Robert Redford directs Timothy Hutton, Mary Tyler Moore and Donald Sutherland in this Oscar winning drama about a teenager overcoming mental health issues that his grieving parents cannot understand.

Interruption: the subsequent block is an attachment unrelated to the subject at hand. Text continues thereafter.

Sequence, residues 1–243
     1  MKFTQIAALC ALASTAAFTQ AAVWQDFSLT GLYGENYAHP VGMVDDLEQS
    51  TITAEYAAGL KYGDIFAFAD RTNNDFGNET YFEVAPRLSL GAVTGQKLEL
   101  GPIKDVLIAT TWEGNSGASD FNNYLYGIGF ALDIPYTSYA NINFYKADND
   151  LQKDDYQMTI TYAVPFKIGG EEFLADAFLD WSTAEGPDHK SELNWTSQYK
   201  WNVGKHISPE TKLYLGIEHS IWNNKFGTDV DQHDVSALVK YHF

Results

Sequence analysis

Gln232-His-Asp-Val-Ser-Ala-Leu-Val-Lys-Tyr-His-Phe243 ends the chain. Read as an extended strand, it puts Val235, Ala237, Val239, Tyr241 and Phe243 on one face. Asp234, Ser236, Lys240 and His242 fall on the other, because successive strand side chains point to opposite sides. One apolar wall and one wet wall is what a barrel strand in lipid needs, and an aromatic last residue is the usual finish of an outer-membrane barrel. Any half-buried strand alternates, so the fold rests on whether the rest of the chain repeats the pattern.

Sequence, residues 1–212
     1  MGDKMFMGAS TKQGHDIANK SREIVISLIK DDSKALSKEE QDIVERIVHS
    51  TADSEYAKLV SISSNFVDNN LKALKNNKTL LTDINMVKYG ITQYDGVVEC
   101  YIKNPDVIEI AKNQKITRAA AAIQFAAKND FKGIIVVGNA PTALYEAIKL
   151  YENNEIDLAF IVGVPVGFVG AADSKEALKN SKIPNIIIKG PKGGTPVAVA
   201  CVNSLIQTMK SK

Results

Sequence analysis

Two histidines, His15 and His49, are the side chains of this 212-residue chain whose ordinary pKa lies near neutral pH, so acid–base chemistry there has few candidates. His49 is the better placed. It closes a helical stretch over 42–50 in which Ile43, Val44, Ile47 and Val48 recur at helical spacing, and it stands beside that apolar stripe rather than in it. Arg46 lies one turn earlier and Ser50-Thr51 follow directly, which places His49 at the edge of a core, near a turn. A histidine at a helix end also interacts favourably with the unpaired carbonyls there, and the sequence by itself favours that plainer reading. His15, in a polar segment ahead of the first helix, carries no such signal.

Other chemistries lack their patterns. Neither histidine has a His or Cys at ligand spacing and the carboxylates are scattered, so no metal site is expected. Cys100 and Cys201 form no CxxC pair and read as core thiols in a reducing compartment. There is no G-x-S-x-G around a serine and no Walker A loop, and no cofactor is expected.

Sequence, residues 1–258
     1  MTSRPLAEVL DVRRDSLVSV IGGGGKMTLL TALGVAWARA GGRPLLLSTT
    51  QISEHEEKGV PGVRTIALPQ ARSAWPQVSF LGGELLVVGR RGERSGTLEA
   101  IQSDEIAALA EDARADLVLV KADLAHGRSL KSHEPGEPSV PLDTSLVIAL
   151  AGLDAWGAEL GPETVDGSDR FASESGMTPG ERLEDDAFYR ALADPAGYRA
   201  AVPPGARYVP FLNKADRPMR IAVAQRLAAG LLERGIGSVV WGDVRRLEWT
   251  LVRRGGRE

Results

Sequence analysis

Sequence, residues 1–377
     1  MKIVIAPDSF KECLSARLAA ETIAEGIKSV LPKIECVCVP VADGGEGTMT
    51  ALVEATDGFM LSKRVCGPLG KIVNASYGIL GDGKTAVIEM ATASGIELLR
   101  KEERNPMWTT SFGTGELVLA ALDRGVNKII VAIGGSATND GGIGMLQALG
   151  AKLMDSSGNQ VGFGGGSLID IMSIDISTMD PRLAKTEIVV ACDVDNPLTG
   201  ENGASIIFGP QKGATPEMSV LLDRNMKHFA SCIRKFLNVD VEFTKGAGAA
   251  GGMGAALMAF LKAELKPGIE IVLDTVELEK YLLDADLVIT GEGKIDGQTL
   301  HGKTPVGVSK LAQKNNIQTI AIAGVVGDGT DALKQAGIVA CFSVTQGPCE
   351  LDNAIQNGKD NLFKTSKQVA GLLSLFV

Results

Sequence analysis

The movie poster for this was a family portrait where each member is separated by their own gilt but cold frame. And that’s the movie entire, people who should love each other who cannot break out of their own boxes to adequately care for each other. The tensions and battles and rare moment of empathy that causes. It is an emotionally brutal film, for you care about Timothy Hutton’s guilt stricken, damaged son. His brother, the golden child, died a year ago and slowly you realise that his mother either blames him for the accident or resents him for surviving. Hutton performs a complex part with dignity, warmth and restraint. You genuinely feel his isolation and loneliness, want to give him a hug and the guidance he clearly lacks at home. Mary Tyler Moore is chilling as the matriarch who can turn on a dime from sunny and organised to wounding and resentful. Maybe the film is unfair to put all the psychological blame at her controlling door?Donald Sutherland adds another bereft father role to his back catalogue. A bumbling gregarious man who wants to be there for his son, reunite the child and his wife, but can only find blunt platitudes to say or accidentally inspire conflict he cannot fathom. Redford’s direction captures the strong performances well, lets them articulate the tension by allowing the actors get lost in moments where the world slips from them. The editing of Hutton’s school day for example is off pace, intentionally moving a little too fast so we share the overwhelming nature of this troubled kid trying to be normal. John Bailey’s cinematography captures the passing seasons well, the ominous beauty of an autumnal street, the unforgiving chill of a winter playground. Often it’s a film that looks like a yuppie in peril thriller rather than a sensitive drama about therapy. I appreaciate what a fine film Ordinary People is, but it isn’t really a film for me. It lacks the humour of the other upper class suburban dramas I do rewatch like The Ice Storm or Wonder Boys. And I don’t identify with this community finding “working class” stories that cover similar ground (Good Will Hunting, Manchester By the Sea) more effecting. That’s my personal prejudice though… if you come from money or class is no issue for you then you’ll no doubt rate this superbly crafted film far higher than me.